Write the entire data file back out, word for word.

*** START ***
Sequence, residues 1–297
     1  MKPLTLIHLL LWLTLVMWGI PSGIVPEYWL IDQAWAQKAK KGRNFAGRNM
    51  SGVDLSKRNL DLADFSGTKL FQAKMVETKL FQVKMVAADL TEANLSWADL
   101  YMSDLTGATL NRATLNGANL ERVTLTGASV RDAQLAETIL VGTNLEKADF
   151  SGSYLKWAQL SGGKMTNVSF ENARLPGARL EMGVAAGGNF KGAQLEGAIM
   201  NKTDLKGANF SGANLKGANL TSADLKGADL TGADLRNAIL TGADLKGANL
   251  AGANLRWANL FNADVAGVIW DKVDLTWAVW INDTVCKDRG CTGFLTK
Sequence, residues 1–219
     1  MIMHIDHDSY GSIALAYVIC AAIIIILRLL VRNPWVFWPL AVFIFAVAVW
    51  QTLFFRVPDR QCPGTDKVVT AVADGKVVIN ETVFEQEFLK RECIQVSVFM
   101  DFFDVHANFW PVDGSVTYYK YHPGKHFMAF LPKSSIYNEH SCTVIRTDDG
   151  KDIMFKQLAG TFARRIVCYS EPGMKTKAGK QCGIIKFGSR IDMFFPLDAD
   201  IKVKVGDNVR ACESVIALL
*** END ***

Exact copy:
Sequence, residues 1–297
     1  MKPLTLIHLL LWLTLVMWGI PSGIVPEYWL IDQAWAQKAK KGRNFAGRNM
    51  SGVDLSKRNL DLADFSGTKL FQAKMVETKL FQVKMVAADL TEANLSWADL
   101  YMSDLTGATL NRATLNGANL ERVTLTGASV RDAQLAETIL VGTNLEKADF
   151  SGSYLKWAQL SGGKMTNVSF ENARLPGARL EMGVAAGGNF KGAQLEGAIM
   201  NKTDLKGANF SGANLKGANL TSADLKGADL TGADLRNAIL TGADLKGANL
   251  AGANLRWANL FNADVAGVIW DKVDLTWAVW INDTVCKDRG CTGFLTK
Sequence, residues 1–219
     1  MIMHIDHDSY GSIALAYVIC AAIIIILRLL VRNPWVFWPL AVFIFAVAVW
    51  QTLFFRVPDR QCPGTDKVVT AVADGKVVIN ETVFEQEFLK RECIQVSVFM
   101  DFFDVHANFW PVDGSVTYYK YHPGKHFMAF LPKSSIYNEH SCTVIRTDDG
   151  KDIMFKQLAG TFARRIVCYS EPGMKTKAGK QCGIIKFGSR IDMFFPLDAD
   201  IKVKVGDNVR ACESVIALL